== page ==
Archive for the 'Merit Selection' Category
Justice at Stake released new polling data today that shows the majority of Kansans favor the current merit-based system for choosing state Supreme Court justices.
Key findings of the new poll of 898 likely voters shows:
- A whopping 76 percent oppose moving to a federal-style system, like the system recently pushed through the legislature for the court of appeals, for the state Supreme Court. Only 14 percent support such a move. Opposition to this proposal has increased since Justice at Stake first asked the question in January 2013, when 61% of voters rejected such a constitutional change.
- Only 31 percent support amending the constitution to provide for contested elections for Supreme Court justices and only 32 percent support increasing the vote required in order for justices to retain their seats to 67 percent.
Meanwhile, an opinion piece in The Garden City Telegram argues that attempts to change the selection process are a power grab by Gov. Sam Brownback who is unhappy with recent school finance rulings.
“…Kansans should be appalled by the governor’s disregard for an independent judiciary, separation of powers and checks and balances.”
Kansas Supreme Court Chief Justice Lawton Nuss cites a former Texas Chief Justice in his argument for keeping the merit selection system for Kansas Supreme Court judges.
In an op-ed in The Wichita Eagle, Nuss notes that the Kansas legislative and executive branches have expresses admiration for many things “Texan,” which might have something to do with the attempts to eliminate merit selection.
Chief Justice Nuss agrees with an opinion piece co-authored by former Texas Chief Justice Wallace Jefferson, who has “firsthand, conservative-credentialed, in-depth knowledge of elections for Supreme Court justices.”
With scathing criticism of Citizens United’s “destructive fallout” for elected state courts, retired Montana Supreme Court Justice James Nelson is calling for a switch to merit selection of his state’s judges, before a “real train wreck” occurs.
In the February edition of Montana Lawyer, Justice Nelson writes a lengthy and detailed plea for a switch to merit selection, beginning with his own admission that for years he strongly supported electing Montana judges and justices. The impact of Citizens United and a $1.63 million contest for one Montana high court seat last year have helped make him a “true believer” to the contrary, he says. His top critiques of Citizens United follow:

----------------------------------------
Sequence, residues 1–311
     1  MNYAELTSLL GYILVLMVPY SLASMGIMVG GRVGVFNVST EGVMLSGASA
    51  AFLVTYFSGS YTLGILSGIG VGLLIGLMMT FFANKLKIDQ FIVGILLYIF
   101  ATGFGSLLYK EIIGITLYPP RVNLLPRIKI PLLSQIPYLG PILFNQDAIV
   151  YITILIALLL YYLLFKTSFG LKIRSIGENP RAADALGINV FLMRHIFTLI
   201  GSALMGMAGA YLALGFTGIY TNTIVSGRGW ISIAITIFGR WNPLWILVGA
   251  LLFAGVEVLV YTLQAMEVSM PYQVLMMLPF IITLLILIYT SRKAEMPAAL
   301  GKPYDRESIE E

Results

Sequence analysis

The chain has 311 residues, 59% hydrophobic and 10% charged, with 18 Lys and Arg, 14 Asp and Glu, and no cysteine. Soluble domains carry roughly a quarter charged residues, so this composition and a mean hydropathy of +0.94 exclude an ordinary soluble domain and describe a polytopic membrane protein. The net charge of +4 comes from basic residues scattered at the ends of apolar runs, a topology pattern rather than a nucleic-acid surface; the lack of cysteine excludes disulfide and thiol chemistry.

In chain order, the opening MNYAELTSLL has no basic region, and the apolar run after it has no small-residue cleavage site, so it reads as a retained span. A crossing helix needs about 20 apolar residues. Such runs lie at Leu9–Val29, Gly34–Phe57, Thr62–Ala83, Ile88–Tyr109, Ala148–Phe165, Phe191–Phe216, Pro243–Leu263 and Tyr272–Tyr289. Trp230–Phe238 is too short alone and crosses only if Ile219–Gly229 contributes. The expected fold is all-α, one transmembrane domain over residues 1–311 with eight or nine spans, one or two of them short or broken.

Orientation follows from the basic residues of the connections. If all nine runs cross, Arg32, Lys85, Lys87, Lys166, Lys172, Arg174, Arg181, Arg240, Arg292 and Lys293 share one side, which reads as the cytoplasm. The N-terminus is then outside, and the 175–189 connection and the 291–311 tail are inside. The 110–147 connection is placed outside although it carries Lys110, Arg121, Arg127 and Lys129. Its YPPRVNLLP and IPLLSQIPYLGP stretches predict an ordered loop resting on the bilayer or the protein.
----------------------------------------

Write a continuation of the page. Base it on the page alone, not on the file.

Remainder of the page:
“First, Citizens United discourages qualified attorneys from running for judicial office. … Why would a qualified and experienced attorney choose to run for a judicial office that pays a fraction of that in the private sector; that requires the candidate to raise and spend a small fortune; and that demands the candidate, for months on end, subject herself or himself (along with their families) to a barrage of lies, misinformation and abuse from out-of-state organizations that know nothing — and care less — about the targeted candidate, Montana, its people or its Constitution and laws?
“Second, Citizens United actually encourages unqualified and inexperienced candidates to run. These types know that if they play to the out-of-state dark money folks; that if they promote the party or special interest agenda as their raison d’etre for running; and that if they mislead, dissemble and conceal their true selves, platform and motivation, then they will be able to count on the support and mega-bucks of the likes of the Republican State Leadership Committee, the Koch Brothers and the U.S. Chamber of Commerce.”
Dan Glickman, a former U.S. Representative from Kansas, issued a defense of merit selection of state Supreme Court justices. In a Wichita Eagle op-ed, Glickman said “the legal business climate of state courts,” ranked fifth by the U.S. Chamber of Commerce, is strengthened by merit selection.
Moreover, he says implementing the federal system for selecting justices “would consign Supreme Court appointments to closed door, backroom politics.” Political courts, he continues, have not been successful on any level:
“… [I]f Kansas political leaders considered the partisan breakdown in our nation’s capital, they might reconsider their embrace of a Washington-style system for choosing judges. And New Jersey, a state using the federal-style system for judicial nominations, experienced such partisan gridlock that a high number of vacant judgeships in the state’s busiest county forced the suspension of complex civil trials several years ago.”
A state House committee has approved rival proposals to dump the merit-based selection of Kansas Supreme Court justices, yet questions linger as to whether either would command the two-thirds support needed to pass the full chamber.